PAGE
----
India should help Afghanistan by making peace with Pakistan. This will allow Pakistan to free up half a million well armed and trained troops to be moved to the western border. I am sorry Mr. Tharoor but India does not have anything in common with Afghanistan. Not the religion, not the economy, not even a shared border or water.

    April 12, 2011 at 12:05 pm | Reply
    • Morgan

      I agree! The only reason I can think of, is that it annoys Pakistan so India wants to be in Afghanistan. If it were too concerned about feeding the poor and building infrastructure, start with your own, you have poverty more than whole of Africa – start with that.

      April 12, 2011 at 12:26 pm | Reply
      • Andy

        Read the history. Then come and coment.

        April 14, 2011 at 2:09 am |
    • Oodoodanoo

      Pakistan is run by its army. Its elected politicians have power to the extent that the army lets them. The army has had a pretty profitable existence putting itself at the front of Pakistan's reason for existence.

      So, if India made peace with Pakistan (how - giving up Kashmir?), would you expect the Pakistani army to suddenly de-fund itself, give up all the key real estate, and forego a huge slice of the Pakistani budget? No, they need a reason to exist, and it's India. There would find another reason to fight.

      April 12, 2011 at 12:29 pm | Reply
    • Abhishek

      Peace with Pakistan? LOL! They would want us to lay down all our arms, hand over Kashmir in it's entirety to them. Sure, those seem like very reasonable demands. /s
      The country itself is mired in confusion as to it's creation. The language they speak Urdu, is spoken with mostly Hindi influence but in Nastaliq script and some Iranian words. The school books claim India was partitioned from Pakistan. They claim India instigated the 1971 war with Bangladesh and Pakistan apparently had come to aid their Bengali brothers against the marauding Hindu's. See anywhere for the true history on all these things, and you'll see what I'm talking about when I say they're all mired in confusion. Very rarely do I come across a Pakistani now who believes their country will rise back up. Pakistan means Land of the Pure. Yeah, pure bullsh*t.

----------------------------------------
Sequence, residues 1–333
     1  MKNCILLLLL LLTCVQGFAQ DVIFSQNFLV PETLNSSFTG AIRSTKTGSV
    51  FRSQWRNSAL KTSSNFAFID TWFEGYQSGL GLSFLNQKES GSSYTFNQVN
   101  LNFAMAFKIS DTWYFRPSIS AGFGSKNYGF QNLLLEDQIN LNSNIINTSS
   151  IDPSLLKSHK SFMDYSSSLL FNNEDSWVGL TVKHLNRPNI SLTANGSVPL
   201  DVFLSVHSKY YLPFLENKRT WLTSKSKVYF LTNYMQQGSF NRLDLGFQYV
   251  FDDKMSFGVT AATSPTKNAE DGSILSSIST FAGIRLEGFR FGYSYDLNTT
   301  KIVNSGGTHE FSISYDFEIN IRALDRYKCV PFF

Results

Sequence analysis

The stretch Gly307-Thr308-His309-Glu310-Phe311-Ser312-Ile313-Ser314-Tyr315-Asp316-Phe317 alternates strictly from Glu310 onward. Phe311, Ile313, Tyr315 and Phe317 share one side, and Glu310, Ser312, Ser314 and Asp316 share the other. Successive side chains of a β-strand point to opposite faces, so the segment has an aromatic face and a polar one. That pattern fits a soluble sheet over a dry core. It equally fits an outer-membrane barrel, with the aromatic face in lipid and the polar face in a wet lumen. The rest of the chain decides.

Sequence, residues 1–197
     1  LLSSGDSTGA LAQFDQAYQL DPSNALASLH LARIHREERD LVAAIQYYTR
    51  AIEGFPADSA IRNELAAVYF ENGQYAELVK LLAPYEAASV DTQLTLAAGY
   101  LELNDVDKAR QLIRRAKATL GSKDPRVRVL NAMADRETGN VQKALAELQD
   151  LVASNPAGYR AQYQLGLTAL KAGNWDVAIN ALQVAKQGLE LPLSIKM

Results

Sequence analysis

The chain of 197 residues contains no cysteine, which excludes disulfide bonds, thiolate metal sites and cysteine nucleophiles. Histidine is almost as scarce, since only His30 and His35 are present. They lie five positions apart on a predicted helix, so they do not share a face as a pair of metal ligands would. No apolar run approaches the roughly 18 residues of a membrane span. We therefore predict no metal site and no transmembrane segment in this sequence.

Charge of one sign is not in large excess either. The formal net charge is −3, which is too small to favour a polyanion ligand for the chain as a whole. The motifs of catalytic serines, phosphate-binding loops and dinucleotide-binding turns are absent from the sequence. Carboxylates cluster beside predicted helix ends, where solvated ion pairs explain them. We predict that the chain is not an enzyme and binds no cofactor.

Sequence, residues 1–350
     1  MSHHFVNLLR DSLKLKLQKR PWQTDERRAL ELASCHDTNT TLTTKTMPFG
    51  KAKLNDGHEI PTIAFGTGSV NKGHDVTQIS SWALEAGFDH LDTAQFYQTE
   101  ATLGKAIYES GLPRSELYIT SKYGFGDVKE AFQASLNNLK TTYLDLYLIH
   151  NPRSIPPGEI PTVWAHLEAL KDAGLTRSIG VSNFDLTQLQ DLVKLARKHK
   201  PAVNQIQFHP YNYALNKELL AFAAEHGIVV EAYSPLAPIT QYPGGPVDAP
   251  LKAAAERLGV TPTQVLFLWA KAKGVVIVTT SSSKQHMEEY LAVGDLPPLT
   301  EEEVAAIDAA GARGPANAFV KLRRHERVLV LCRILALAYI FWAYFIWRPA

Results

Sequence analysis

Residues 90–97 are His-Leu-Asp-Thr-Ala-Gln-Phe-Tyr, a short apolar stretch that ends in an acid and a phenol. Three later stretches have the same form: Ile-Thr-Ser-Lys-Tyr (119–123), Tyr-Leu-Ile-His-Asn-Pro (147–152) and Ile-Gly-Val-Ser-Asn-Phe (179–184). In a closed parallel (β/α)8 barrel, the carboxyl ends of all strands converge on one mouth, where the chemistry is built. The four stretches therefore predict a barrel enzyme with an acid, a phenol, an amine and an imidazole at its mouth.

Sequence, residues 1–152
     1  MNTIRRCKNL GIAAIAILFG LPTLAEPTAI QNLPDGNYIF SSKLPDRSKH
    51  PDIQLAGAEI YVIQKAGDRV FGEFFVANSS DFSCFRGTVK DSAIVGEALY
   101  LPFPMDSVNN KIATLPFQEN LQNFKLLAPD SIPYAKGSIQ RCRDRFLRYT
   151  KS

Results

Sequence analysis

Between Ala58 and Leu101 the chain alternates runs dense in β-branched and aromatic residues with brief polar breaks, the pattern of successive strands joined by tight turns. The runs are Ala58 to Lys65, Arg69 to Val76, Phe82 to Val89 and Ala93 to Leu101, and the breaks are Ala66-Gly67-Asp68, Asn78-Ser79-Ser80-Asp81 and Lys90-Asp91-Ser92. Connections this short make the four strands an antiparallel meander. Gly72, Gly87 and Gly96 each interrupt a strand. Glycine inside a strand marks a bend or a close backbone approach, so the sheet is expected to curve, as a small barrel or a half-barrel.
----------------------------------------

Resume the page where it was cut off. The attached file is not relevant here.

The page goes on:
April 12, 2011 at 12:37 pm | Reply
      • Rehman Nazir

        although (and of course) I disagree with your opinion about Pakistan and I would love to malign your country in response to that but where is that going to take us?
        Anyhow I do agree with you laugh at the prospect of peace with Pakistan. India and Pakistan can never trust each other and time has proven that. It's high time that Both the governments should start using their resources for the betterment of their people. Shinning India has over 6 million people who earn their living by cleaning human feces from dry open air toilets with their bare hands. Last thing they need to do is help Afghanistan.
        PS. Best wishes for your next missile test. I hope your next one travels beyond the compound.

        April 14, 2011 at 9:45 am |
    • Oodoodanoo

      Also, a hostile Pakistan is very useful to China. It keeps half the Indian army tied up on its western border, when the much more dangerous threat lies to the east. Even if Pakistan's economy were to collapse, China would still find it useful to fund the Pakistani army enough to keep it running.

      It's not surprising that China helped Pakistan develop nuclear weapons and jet fighters. It's also not surprising that the US remains in the AfPak region, given that they fear growing Chinese influence if they were to leave.

      April 12, 2011 at 12:39 pm | Reply
      • Vaz

        Finally someone who is debating well! Thank you, Oodoodanoo. I am more worried about China than Pakistan. We know how to deal with Pakistan, thanks to our 60+ years of meaningless wars, but what do we have to defend ourselves from China? Nothing. They are shrouded in secrecy. And right now they are upset with India as we support the Dalai Lama and the Tibetan fight for freedom.

        April 13, 2011 at 11:24 am |
    • Ron

      Juan